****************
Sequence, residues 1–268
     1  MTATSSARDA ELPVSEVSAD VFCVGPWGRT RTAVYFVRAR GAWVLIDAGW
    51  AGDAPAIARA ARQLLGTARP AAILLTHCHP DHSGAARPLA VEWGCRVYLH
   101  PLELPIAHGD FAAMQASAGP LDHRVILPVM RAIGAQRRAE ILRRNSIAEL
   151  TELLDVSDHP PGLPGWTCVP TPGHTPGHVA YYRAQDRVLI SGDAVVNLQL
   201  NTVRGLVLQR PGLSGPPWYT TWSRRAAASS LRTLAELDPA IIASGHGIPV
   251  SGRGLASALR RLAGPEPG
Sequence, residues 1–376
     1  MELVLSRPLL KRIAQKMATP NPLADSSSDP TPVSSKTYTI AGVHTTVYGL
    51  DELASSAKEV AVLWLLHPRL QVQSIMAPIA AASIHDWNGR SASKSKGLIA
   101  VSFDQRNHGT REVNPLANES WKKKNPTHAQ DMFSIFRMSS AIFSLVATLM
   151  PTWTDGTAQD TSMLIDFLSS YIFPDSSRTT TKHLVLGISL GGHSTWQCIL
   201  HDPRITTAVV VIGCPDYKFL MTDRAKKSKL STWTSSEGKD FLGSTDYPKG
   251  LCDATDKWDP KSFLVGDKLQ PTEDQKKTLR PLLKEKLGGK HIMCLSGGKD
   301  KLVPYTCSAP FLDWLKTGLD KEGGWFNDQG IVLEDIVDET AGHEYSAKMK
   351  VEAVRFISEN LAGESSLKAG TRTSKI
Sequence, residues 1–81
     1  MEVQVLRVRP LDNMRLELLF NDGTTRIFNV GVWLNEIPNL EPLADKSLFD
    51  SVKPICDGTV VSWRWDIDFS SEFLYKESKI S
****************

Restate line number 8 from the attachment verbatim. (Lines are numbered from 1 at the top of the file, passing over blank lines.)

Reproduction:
Sequence, residues 1–376